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# Optimization Using the First Derivative Test - Concept

###### Norm Prokup

###### Norm Prokup

**Cornell University**

PhD. in Mathematics

Norm was 4th at the 2004 USA Weightlifting Nationals! He still trains and competes occasionally, despite his busy schedule.

Some optimization problems use the first derivative test to find an absolute minimum or maximum. **Using the first derivative test** requires the derivative of the function to be always negative on one side of a point, zero at the point, and always positive on the other side. Other methods of solving optimization problems include using the closed interval method or the second derivative test.

We have another optimization method we need to study, not every situation is going to land itself to the closed interval method so I want to introduce you to the first derivative test for absolute max and min. Here's the idea behind it, let's say you have a function y equals f of x and the function has a positive derivative to the left of some critical point c and a negative derivative to the right. Well then you can summarize that it has an absolute maximum at c. Now it has to have a positive derivative everywhere to the left and a negative derivative everywhere to the right that will give you an absolute maximum.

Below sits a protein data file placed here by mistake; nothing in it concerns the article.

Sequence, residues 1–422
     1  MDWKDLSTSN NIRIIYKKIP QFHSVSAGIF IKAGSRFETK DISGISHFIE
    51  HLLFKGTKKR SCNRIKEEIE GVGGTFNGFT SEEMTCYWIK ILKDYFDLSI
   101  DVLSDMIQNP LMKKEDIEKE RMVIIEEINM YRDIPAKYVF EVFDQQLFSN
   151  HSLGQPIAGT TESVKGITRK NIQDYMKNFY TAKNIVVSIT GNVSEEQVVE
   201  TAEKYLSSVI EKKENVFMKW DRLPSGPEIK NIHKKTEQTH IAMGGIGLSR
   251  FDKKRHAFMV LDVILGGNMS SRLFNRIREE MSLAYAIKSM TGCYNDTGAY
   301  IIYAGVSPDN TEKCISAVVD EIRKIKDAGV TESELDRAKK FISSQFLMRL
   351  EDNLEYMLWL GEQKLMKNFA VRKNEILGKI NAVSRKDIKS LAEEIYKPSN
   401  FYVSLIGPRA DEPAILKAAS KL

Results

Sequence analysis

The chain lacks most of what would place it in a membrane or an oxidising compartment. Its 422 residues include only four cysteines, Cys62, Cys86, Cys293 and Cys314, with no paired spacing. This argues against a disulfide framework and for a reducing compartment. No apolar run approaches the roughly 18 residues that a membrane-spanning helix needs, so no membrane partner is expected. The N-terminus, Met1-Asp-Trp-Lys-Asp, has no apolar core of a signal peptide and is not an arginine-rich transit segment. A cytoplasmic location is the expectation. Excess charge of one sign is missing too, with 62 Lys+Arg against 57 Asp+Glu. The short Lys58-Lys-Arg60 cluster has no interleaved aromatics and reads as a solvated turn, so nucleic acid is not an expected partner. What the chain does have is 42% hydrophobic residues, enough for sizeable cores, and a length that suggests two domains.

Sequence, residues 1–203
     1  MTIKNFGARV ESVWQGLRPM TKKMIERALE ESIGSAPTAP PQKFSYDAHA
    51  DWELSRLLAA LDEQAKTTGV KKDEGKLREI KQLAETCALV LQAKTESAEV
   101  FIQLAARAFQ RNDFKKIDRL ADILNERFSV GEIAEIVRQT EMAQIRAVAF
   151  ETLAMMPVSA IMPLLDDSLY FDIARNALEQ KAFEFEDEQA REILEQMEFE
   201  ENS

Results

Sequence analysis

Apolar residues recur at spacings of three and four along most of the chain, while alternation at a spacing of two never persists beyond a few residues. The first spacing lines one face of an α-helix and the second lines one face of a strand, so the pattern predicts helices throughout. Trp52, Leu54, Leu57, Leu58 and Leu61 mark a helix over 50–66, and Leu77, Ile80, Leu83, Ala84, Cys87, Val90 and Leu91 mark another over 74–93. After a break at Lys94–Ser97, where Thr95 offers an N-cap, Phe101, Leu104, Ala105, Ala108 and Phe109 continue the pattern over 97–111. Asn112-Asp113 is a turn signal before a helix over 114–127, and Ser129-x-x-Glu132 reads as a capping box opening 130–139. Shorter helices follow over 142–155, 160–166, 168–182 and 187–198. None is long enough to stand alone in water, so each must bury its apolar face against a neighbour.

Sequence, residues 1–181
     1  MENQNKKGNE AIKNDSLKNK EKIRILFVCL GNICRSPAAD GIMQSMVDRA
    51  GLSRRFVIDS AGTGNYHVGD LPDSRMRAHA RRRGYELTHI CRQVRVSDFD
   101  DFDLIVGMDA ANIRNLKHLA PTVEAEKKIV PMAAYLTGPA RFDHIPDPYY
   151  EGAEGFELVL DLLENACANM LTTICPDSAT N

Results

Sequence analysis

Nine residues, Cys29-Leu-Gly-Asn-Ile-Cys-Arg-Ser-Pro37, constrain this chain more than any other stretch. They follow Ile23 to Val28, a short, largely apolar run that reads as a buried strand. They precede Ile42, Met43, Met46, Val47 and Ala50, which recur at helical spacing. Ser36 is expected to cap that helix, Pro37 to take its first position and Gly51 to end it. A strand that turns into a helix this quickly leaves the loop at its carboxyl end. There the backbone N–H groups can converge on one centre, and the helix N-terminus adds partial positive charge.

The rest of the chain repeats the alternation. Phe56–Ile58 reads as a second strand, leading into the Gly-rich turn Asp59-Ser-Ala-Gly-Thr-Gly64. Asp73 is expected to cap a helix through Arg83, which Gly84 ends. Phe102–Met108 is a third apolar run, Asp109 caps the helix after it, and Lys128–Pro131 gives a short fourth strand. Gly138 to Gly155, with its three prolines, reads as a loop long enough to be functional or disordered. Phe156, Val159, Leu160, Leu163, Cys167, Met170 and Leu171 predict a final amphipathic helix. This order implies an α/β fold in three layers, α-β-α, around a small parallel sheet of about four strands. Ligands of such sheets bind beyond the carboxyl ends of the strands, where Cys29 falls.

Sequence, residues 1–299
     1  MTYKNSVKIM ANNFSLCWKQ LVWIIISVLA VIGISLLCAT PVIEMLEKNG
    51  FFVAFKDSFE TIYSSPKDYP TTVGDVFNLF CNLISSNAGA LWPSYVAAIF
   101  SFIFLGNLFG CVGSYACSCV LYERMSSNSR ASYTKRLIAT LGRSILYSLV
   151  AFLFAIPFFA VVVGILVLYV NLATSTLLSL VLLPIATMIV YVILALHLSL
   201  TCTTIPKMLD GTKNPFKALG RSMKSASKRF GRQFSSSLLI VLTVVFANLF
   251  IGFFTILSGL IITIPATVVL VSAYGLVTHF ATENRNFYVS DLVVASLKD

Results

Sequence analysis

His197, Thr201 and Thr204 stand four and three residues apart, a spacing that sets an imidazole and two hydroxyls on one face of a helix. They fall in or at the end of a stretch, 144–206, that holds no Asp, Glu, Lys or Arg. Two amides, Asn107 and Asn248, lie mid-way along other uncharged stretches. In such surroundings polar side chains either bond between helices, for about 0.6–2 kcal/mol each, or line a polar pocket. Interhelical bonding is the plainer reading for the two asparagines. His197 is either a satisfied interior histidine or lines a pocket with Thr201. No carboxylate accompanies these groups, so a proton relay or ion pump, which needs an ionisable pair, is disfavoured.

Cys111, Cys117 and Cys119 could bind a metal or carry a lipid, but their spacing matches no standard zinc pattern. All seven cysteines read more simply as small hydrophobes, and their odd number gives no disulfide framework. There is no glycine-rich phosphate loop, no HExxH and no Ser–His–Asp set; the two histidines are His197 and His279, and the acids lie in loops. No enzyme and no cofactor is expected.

This idea is summarizing the first derivative test, suppose f is a differentiable on some interval i and suppose c is the only critical point for f on that interval. If f prime is positive for all x less than c so positive on the left and if it's negative on the right then f will have an absolute maximum and if it's negative on the left and positive on the right it's decreasing and then increasing. It's going to have an absolute minimum at x=c we'll use this method in the next few problems.

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###### Norm Prokup

PhD. in Mathematics, University of Rhode Island

B.S. in Mechanical Engineering, Cornell University

He uses really creative examples for explaining tough concepts and illustrates them perfectly on the whiteboard. It's impossible to get lost during his lessons.

Thiswas EXCELLENT! I am a math teacher and have been looking for an easy/logical way to explain the lateral area of a cone to my students and this was incredibly helpful, thank you very much!”

I just learned more In 3 minutes of polygons here than I do in 3 weeks in my math class”

Hahaha, his examples are the same problems of my math HW!”

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